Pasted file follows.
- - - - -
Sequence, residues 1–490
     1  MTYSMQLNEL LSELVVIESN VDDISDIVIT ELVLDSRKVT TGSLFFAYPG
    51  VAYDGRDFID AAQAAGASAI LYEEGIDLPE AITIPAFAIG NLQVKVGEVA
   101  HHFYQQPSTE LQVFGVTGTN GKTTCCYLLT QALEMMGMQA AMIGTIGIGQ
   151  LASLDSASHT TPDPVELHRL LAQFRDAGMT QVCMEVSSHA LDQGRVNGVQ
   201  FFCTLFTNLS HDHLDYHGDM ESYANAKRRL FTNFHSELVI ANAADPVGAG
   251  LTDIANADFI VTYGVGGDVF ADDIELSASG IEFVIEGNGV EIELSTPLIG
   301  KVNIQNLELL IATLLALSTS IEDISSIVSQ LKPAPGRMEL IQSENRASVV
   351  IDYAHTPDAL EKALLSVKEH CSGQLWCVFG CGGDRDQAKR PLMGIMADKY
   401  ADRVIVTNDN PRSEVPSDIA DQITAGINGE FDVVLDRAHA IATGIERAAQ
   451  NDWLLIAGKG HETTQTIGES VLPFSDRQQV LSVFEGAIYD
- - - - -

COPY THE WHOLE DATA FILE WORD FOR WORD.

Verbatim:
Sequence, residues 1–490
     1  MTYSMQLNEL LSELVVIESN VDDISDIVIT ELVLDSRKVT TGSLFFAYPG
    51  VAYDGRDFID AAQAAGASAI LYEEGIDLPE AITIPAFAIG NLQVKVGEVA
   101  HHFYQQPSTE LQVFGVTGTN GKTTCCYLLT QALEMMGMQA AMIGTIGIGQ
   151  LASLDSASHT TPDPVELHRL LAQFRDAGMT QVCMEVSSHA LDQGRVNGVQ
   201  FFCTLFTNLS HDHLDYHGDM ESYANAKRRL FTNFHSELVI ANAADPVGAG
   251  LTDIANADFI VTYGVGGDVF ADDIELSASG IEFVIEGNGV EIELSTPLIG
   301  KVNIQNLELL IATLLALSTS IEDISSIVSQ LKPAPGRMEL IQSENRASVV
   351  IDYAHTPDAL EKALLSVKEH CSGQLWCVFG CGGDRDQAKR PLMGIMADKY
   401  ADRVIVTNDN PRSEVPSDIA DQITAGINGE FDVVLDRAHA IATGIERAAQ
   451  NDWLLIAGKG HETTQTIGES VLPFSDRQQV LSVFEGAIYD